Sungusungu non-state justice organizations in Tanzania exemplify large-scale cooperation. Sungusungu third-party enforcers protect property and resolve interpersonal disputes for ethnic Sukuma and individuals from other ethnic groups who have joined the hierarchically structured organizations. We use ethnographic and experimental data to highlight the importance of institutional forces when attempting to understand patterns of large-scale cooperation. We acknowledge the usefulness of considering micro-economic theories (e.g. costly signaling theory) to understand Sungusungu, but show that social institutions and a human predisposition to act as a “strong reciprocator” are important mechanisms to explain both the origins and maintenance of Sungusungu cooperation.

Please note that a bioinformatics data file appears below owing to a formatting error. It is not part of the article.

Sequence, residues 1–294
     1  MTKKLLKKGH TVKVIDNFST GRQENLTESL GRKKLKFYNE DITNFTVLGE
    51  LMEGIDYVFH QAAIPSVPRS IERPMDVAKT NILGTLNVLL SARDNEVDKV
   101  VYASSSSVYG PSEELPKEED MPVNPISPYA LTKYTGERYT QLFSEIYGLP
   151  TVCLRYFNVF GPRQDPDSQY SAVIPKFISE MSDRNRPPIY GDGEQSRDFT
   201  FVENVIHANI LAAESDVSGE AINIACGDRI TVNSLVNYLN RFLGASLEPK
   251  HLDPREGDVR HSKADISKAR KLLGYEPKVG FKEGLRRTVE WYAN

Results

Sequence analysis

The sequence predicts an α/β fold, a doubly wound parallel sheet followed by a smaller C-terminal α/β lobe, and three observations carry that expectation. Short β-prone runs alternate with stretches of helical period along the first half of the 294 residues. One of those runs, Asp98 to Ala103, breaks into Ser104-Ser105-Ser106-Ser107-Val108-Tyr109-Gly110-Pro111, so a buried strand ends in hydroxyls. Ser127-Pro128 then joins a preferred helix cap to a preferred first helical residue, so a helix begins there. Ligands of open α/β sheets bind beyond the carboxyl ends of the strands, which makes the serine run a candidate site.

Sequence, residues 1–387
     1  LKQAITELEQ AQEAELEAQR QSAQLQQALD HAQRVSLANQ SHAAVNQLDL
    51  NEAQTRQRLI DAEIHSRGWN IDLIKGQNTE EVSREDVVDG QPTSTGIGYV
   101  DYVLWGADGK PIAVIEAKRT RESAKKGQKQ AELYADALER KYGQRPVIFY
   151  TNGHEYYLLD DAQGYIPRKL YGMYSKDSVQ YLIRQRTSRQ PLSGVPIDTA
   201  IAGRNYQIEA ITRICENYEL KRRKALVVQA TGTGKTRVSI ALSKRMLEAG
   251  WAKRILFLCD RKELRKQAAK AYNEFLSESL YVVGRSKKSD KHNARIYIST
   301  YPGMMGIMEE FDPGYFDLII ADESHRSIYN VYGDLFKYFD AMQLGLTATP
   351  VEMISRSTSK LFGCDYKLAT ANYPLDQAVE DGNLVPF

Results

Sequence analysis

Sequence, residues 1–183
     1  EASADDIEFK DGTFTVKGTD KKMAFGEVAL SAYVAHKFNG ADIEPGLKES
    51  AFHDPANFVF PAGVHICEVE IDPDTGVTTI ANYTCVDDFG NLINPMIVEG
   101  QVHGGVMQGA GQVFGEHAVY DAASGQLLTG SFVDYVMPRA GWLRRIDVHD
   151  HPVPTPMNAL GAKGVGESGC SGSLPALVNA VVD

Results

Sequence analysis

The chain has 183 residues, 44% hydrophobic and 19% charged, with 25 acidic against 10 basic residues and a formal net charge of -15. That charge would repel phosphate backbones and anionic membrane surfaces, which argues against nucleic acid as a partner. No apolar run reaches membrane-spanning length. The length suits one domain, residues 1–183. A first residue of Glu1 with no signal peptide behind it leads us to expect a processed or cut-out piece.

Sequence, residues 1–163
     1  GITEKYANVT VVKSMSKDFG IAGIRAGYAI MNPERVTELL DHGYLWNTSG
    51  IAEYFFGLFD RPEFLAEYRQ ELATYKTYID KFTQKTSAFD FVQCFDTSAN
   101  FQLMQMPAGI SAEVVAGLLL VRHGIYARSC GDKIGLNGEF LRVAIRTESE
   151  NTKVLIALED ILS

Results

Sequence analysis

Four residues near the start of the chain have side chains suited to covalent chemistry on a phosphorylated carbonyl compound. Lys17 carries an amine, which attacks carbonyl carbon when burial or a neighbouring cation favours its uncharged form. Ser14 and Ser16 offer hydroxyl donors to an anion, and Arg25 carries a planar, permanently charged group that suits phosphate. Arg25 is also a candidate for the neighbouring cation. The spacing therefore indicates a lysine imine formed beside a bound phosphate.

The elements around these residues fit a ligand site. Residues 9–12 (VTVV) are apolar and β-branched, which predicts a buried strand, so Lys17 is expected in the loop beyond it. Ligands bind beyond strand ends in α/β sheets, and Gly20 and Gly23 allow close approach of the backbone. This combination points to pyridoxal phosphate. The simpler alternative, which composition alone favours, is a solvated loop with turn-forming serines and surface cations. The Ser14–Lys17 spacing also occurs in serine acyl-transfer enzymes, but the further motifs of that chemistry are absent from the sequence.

Paciotti, B. and Hadley, C. (2004), "LARGE-SCALE COOPERATION AMONG SUNGUSUNGU “VIGILANTES” OF TANZANIA: CONCEPTUALIZING MICRO-ECONOMIC AND INSTITUTIONAL APPROACHES", Alvard, M. (Ed.) Socioeconomic Aspects of Human Behavioral Ecology (Research in Economic Anthropology, Vol. 23), Emerald Group Publishing Limited, Bingley, pp. 119-147. https://doi.org/10.1016/S0190-1281(04)23005-0Download as .RIS
Emerald Group Publishing Limited
Copyright © 2004, Emerald Group Publishing Limited